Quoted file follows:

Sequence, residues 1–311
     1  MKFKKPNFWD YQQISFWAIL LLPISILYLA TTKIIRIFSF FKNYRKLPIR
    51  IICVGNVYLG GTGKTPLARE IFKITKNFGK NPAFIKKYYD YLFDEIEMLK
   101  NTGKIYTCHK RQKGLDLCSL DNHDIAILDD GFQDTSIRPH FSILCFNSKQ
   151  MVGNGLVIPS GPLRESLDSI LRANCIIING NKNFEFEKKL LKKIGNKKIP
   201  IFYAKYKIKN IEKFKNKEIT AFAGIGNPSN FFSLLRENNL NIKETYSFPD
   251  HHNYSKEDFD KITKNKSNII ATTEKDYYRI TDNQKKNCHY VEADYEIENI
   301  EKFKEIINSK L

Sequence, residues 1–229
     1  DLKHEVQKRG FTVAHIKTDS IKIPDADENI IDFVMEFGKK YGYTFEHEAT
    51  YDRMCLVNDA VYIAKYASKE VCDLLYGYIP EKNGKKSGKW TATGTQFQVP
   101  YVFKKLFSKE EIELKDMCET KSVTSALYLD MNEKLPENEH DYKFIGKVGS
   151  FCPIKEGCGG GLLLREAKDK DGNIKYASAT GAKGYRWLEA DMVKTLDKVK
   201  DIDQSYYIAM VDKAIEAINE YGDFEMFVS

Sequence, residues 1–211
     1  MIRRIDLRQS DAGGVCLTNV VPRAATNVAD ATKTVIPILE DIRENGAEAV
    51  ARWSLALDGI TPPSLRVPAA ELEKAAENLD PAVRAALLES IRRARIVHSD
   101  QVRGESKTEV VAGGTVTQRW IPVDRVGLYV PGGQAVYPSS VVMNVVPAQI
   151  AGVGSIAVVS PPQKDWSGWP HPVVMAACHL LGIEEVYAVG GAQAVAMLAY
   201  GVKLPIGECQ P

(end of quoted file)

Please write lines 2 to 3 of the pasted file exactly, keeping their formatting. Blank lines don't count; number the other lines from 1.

     1  MKFKKPNFWD YQQISFWAIL LLPISILYLA TTKIIRIFSF FKNYRKLPIR
    51  IICVGNVYLG GTGKTPLARE IFKITKNFGK NPAFIKKYYD YLFDEIEMLK